Stephen Skinner (lexicographer)

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Stephen Skinner (1623–1667) was an English Lincoln physician, lexicographer and etymologist.


He was the son of John Skinner of London. He matriculated at Christ Church, Oxford, on 6 December 1639; but when the First English Civil War broke out, he left England.[1]

In 1646 Skinner was again at Oxford, and in consideration of his foreign service he was allowed to accumulate both his arts degrees in that same year, graduating B.A. on 21 October and M.A. on 10 November. On 22 April 1649 he entered as a medical student at Leiden University, on 6 May 1653 at the University of Heidelberg, and on 4 November 1653 was again at Leyden. At the beginning of 1654 he graduated M.D. at Heidelberg, and on 26 May of that year was incorporated in the same degree at Oxford.[1]

Skinner was made honorary fellow of the London College of Physicians in December 1664. He practised in Lincoln where he died of malignant fever on 5 September 1667. Administration of his estate was granted to his sister, Elizabeth Bowyer, and his daughter Stephanie Skinner, on 7 September 1667.[1]


Skinner left behind him some philological treatises in manuscript, and they were edited by Thomas Henshaw and published in London in 1671, under the title of Etymologicon Linguæ Anglicanæ.[1][2] This work was the first important etymological dictionary of English. Appearing three years before John Ray's glossary of English dialects, Skinner's dictionary presents a number of dialectal expressions of his native Lincolnshire.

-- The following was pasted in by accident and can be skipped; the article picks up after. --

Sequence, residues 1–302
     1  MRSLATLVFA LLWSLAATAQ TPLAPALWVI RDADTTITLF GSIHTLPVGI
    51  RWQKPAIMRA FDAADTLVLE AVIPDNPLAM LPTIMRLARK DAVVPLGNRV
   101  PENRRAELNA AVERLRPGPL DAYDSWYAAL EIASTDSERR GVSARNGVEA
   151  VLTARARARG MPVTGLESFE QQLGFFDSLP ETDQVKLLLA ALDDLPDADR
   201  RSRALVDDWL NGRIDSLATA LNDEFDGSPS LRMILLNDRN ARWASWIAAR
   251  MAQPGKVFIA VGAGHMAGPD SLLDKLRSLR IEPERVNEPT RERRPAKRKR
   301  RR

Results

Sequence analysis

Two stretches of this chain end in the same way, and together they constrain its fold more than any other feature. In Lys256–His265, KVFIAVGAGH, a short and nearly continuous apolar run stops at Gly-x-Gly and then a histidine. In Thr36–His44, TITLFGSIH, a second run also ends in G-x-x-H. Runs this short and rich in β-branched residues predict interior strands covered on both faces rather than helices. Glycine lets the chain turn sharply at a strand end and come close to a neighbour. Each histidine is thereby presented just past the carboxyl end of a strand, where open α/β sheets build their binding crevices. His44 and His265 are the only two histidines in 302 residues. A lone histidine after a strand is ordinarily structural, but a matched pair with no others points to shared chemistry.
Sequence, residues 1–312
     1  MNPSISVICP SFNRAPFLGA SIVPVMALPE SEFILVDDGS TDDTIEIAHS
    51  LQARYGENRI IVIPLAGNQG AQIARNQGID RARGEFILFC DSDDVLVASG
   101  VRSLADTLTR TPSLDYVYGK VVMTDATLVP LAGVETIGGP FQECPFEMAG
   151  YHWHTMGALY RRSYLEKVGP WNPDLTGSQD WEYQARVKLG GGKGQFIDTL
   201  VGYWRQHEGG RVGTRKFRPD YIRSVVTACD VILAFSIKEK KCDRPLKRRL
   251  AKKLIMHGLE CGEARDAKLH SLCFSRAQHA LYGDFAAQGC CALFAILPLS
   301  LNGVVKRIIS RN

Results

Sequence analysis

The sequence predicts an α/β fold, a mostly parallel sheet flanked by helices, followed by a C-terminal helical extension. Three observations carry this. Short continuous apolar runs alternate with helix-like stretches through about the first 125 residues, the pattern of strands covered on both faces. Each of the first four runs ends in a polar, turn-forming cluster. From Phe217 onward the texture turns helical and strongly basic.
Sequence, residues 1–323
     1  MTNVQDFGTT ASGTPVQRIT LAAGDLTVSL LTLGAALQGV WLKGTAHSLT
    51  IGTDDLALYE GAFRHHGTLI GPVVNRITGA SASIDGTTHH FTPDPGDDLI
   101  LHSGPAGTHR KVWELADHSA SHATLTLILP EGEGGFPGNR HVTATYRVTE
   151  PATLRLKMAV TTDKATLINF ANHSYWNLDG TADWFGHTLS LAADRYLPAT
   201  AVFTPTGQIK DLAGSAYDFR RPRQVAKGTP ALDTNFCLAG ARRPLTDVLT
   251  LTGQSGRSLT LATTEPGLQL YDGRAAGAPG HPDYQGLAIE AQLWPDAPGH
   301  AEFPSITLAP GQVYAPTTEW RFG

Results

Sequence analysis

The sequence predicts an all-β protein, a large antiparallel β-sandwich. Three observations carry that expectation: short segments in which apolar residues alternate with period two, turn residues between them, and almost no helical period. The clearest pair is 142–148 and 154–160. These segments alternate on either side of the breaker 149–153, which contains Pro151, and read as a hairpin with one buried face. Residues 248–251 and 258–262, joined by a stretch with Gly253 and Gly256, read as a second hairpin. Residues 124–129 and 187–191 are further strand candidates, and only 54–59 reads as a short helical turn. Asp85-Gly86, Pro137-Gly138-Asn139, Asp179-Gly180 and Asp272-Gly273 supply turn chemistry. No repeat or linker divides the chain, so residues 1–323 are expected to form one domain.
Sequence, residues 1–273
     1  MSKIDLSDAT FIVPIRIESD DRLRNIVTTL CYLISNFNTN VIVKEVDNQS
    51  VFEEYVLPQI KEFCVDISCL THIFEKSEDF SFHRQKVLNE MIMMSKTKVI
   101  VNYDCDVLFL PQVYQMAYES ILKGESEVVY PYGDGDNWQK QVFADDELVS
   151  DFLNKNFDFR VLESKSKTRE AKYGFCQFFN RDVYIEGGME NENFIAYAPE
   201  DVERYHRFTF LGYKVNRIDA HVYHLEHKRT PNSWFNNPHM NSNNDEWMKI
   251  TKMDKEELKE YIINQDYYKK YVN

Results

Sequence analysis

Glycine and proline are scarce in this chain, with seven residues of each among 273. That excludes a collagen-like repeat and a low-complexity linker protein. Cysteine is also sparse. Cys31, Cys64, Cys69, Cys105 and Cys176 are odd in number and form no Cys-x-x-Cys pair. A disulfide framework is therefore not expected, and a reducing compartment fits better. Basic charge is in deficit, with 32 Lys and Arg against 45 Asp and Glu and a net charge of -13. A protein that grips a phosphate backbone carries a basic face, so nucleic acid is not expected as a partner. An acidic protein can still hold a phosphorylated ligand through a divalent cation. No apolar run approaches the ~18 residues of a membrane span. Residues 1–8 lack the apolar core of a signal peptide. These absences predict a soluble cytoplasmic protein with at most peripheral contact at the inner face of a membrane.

Samuel Johnson acknowledged his indebtedness to Skinner in the preface to his Dictionary (1755).[1]



  1. ^ a b c d e  "Skinner, Stephen". Dictionary of National Biography. London: Smith, Elder & Co. 1885–1900. 
  2. ^ 1671 Etymologicon Linguae Anglicanae: Seu Explicatio Vocum Anglicarum Etymologica Ex Proprils Fontibus Scil. Ex Linguis Duodecim.

 This article incorporates text from a publication now in the public domain"Skinner, Stephen". Dictionary of National Biography. London: Smith, Elder & Co. 1885–1900.